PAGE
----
The rare coin market, like any specialized field, has its own terms and slang. This glossary is a comprehensive list of terms and slang that you may encounter in your collecting pursuits. This list was compiled using several reference works and the experience of our numismatists. Click on one of the letters below to go to a specific letter.
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A layer of metal on a coin which has split away from the other layers.
Coins and currency issued by the government as official money that can be used to pay legal debts and obligations.
The inscription on a coin such as "UNITED STATES OF AMERICA".
A coin edge that displays an inscription or other design elements, rather than being reeded or plain. The lettering can be either incuse (recessed below the surface) or raised. Incuse lettering is applied before a coin is struck; the Mint did this with a device called the Castaing machine. Raised lettering is found on coins struck with segmented collars; the lettering is raised during the minting process, and when the coin is ejected from the dies, the collar "falls" apart, preventing the lettering from being sheared away. This is opposed to PLAIN EDGE or REEDED EDGE.
Short for "Liberty" (i.e. $10 & $20 Gold Liberties, or 19th century Seated Liberty coinage).
The motif designed by Christian Gobrecht first used on the Gobrecht dollars of 1836-1839 featuring Miss Liberty seated on a rock. This design was used on nearly all regular issue silver coinage from 1837 until 1891. (1838-1891 for quarters, 1839-1891 for half dollars, and 1840-1873 for dollars.)
See HAIRLINES, rub
A repeating depression on a coin, usually thin and curly, caused by a thread that adhered to a die during the coin's production. Lint marks are found primarily on Proofs. After dies are polished, they are wiped with a cloth, and these sometimes leave tiny threads.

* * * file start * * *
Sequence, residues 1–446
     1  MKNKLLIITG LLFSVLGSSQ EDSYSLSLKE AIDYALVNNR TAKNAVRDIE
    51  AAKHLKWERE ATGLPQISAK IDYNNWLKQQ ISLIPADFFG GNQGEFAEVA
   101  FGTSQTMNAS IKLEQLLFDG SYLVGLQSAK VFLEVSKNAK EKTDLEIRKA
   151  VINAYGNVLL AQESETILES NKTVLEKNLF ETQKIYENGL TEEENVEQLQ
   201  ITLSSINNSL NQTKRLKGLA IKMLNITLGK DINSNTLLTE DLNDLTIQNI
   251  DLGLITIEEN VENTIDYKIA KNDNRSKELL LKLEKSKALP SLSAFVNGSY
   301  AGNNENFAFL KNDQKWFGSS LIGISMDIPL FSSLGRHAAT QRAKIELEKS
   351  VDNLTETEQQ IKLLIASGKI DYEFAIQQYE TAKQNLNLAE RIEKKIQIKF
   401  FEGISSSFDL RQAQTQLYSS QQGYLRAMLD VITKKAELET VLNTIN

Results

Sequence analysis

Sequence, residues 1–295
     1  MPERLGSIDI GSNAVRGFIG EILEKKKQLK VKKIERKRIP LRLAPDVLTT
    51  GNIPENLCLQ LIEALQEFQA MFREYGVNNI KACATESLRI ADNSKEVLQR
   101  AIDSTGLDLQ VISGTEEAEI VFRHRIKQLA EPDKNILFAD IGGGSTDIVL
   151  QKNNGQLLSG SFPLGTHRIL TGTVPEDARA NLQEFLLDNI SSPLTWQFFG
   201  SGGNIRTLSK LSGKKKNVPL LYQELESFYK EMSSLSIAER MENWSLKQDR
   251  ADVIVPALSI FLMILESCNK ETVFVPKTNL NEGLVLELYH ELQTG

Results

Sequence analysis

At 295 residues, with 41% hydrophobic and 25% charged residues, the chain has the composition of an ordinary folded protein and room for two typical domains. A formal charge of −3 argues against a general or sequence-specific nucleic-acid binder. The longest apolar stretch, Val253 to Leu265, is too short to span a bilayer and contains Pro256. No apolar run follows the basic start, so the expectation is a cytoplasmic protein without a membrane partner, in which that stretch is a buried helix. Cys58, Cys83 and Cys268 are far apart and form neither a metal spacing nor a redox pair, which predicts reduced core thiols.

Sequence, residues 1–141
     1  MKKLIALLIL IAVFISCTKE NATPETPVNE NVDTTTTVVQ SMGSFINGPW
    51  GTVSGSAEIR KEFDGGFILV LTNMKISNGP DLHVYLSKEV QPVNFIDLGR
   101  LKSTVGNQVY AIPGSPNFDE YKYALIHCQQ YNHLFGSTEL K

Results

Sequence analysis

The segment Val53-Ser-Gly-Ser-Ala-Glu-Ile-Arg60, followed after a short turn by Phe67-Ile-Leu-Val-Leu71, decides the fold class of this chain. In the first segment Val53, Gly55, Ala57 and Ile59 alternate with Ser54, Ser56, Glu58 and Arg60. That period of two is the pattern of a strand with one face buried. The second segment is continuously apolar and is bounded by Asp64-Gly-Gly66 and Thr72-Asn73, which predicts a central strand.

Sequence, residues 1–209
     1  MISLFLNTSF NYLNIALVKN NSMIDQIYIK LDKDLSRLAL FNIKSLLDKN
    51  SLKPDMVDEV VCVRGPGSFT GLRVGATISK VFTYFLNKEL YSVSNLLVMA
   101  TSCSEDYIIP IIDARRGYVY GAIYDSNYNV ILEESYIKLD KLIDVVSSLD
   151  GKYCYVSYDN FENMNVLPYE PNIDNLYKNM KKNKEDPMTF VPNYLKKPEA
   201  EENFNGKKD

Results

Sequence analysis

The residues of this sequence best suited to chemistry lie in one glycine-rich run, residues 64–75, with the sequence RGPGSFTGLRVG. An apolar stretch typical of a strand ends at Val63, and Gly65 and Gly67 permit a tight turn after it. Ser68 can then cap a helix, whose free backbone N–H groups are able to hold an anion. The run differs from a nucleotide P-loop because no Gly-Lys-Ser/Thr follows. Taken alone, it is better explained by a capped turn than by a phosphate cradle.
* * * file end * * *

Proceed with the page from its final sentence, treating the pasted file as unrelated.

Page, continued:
A coin that is on the cusp between two different grades. A 4/5 liner is a coin that is either a high-end MS/PR-64 or a minimum-standard MS/PR-65. See Also: PQ, High end.
A magnifying glass.
The brilliance or reflective shine of a coin. Luster is considered to be one of the four most important factors in the GRADE of a coin. Luster makes up about 30% of the overall grade. Alternate spelling: Lustre
The bullion coin program from the Royal Canadian Mint. Each year, the Canadian Government authorizes the minting of Gold, Silver & Platinum coins bearing the portrait of Queen Elizabeth on the obverse and a Mapleleaf on the reverse in various denominations and fractional sizes. These are the purest bullion coins produced by any country or mint.
The main die produced from the master hub. Many working hubs are prepared from this single die.
The original hub created by the portrait lathe. Master dies are created from this hub.
An experimental Proof striking, produced by the U.S. Mint mainly from 1907 to 1916, which has sandblasted or acid-pickled surfaces. These textured surfaces represented a radical departure from brilliant Proofs, having even less reflectivity than business strikes.
A coin-like piece of metal made in honor of a person or event. Not authorized as LEGAL TENDER nor intended to circulate. Not made to a recognized weight or FINENESS.
A high-pressure coining press acquired by the U.S. Mint, circa 1854-1858, to strike medals, patterns, restrikes, and some regular-issue Proofs.